ASU professor shows how 20 seconds of hand washing can reduce bacteria under a black light

As the number of coronavirus cases rise worldwide, keeping germs away has been top of mind for a lot of people. 

Health officials have said it time and time again: One of the best ways to stay safe is the simplest one, wash your hands frequently and efficiently.

A reported only 5% of Americans are washing their hands correctly.


FOX 10 stopped by Arizona State University's Biodesign Institute to talk with Dr. Shelley Haydel who says handwashing is "absolutely critical." She says microorganisms can spread easily after contracting them from each surface that we touch.

After 5 seconds of handwashing, Dr. Haydel hovered a black light over freshly washed hands and bacteria was highlighted all over. After 20 seconds of washing with warm, soapy water, the bacteria was significantly lower under a black light.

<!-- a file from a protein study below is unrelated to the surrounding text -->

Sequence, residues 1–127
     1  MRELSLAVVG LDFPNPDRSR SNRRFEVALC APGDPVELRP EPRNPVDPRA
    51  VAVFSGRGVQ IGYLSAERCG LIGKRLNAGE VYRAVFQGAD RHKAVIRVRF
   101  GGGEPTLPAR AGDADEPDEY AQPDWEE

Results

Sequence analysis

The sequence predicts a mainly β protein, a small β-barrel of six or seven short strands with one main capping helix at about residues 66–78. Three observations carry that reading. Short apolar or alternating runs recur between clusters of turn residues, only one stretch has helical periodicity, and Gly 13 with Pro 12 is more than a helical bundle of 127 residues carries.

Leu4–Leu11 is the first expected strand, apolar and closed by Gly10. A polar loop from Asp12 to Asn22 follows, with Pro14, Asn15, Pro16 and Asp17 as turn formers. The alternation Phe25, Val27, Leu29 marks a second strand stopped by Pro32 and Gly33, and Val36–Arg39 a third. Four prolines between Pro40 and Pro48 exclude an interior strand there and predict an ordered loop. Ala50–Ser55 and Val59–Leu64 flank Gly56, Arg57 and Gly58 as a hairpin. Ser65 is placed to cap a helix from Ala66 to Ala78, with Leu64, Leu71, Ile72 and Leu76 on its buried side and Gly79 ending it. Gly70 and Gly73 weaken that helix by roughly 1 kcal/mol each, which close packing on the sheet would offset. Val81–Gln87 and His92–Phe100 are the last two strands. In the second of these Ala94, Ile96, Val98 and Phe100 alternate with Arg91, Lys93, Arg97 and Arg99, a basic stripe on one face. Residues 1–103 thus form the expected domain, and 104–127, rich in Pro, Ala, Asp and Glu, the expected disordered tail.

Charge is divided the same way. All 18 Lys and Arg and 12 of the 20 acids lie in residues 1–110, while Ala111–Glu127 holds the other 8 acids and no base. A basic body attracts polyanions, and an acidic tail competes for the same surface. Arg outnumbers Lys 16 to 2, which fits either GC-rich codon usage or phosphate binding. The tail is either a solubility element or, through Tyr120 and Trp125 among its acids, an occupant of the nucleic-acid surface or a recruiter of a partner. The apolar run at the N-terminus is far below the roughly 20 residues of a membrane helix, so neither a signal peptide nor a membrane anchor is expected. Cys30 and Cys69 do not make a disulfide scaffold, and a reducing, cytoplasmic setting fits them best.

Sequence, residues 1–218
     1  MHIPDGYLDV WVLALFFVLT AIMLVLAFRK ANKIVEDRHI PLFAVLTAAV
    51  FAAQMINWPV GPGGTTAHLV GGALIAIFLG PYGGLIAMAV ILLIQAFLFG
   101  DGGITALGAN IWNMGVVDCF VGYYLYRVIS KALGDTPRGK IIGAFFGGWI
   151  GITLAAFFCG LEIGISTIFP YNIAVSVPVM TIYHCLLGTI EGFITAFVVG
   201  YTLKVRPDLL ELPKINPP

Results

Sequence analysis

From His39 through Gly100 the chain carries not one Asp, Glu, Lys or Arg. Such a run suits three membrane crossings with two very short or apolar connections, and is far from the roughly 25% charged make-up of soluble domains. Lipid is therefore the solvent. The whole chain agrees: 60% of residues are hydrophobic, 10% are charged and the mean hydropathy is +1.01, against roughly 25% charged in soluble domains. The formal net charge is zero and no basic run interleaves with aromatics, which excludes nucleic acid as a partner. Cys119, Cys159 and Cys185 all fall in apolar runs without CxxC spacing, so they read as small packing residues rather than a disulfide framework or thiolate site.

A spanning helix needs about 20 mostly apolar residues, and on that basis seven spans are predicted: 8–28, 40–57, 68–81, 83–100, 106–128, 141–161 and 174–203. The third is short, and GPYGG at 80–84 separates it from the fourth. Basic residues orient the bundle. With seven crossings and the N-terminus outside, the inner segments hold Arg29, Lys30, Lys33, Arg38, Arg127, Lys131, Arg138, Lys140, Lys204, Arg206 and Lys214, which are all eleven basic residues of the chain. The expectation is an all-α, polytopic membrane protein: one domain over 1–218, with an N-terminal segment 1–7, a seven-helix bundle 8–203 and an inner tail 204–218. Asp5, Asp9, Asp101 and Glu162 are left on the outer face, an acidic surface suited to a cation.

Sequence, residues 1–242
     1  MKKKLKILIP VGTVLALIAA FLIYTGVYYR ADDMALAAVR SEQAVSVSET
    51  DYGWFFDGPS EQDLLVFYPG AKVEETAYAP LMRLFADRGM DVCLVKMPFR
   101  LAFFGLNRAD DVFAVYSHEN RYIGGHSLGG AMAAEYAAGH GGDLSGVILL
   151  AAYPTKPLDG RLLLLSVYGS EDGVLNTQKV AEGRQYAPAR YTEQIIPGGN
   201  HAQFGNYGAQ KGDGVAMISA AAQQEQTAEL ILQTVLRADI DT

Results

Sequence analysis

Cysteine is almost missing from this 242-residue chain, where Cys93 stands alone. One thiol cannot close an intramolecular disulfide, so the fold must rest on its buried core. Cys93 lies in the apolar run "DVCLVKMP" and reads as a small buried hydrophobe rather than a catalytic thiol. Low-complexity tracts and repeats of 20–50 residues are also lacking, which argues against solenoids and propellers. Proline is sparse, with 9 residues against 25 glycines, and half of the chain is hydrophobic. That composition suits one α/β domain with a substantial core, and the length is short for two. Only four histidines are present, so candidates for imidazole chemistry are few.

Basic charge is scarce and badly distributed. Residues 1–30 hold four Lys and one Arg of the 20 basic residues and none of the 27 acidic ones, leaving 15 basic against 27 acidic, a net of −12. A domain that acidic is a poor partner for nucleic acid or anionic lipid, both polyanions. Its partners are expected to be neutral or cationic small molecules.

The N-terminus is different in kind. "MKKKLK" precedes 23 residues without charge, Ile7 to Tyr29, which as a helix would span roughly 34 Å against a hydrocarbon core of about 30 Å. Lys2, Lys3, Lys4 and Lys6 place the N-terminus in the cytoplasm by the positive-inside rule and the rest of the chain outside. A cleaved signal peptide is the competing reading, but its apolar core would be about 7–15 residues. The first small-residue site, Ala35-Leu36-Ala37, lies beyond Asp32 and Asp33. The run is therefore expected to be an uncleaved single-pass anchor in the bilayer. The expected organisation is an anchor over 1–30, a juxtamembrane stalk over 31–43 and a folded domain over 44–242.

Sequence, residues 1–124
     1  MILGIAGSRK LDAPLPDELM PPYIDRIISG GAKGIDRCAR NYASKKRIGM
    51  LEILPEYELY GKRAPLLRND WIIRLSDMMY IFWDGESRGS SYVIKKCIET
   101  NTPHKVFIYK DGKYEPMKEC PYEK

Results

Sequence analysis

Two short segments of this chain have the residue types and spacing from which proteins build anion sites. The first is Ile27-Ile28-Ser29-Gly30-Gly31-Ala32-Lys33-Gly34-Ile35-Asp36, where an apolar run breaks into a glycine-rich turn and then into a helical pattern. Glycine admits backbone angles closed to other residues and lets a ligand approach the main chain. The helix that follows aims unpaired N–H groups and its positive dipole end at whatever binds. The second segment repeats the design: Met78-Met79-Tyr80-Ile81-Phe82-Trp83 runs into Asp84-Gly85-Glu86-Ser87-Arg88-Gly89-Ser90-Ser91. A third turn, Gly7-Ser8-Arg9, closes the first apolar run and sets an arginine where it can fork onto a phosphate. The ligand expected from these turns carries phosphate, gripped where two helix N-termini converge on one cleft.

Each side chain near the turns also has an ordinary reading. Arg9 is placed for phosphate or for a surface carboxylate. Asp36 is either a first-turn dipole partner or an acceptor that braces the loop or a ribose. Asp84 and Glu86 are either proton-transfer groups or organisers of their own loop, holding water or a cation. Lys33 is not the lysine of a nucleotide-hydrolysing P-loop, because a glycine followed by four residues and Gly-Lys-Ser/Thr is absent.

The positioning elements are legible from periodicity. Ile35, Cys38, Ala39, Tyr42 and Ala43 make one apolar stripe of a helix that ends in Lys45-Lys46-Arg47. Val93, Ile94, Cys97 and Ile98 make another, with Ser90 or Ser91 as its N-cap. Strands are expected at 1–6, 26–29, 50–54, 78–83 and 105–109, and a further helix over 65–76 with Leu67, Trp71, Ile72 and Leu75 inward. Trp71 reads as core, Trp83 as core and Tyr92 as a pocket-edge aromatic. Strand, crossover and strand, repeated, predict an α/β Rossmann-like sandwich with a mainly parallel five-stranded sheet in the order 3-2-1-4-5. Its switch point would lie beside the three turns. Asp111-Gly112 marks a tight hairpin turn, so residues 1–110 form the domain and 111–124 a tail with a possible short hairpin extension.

In order to protect yourself from a possible infection, the CDC recommends: 

Avoid close contact with people who are sick.

Avoid touching your eyes, nose, and mouth.

Stay home when you are sick.

Cover your cough or sneeze with a tissue, then throw the tissue in the trash.

Clean and disinfect frequently touched objects and surfaces using a regular household cleaning spray or wipe.

Wash your hands often with soap and water for at least 20 seconds, especially after going to the bathroom; before eating; and after blowing your nose, coughing, or sneezing.


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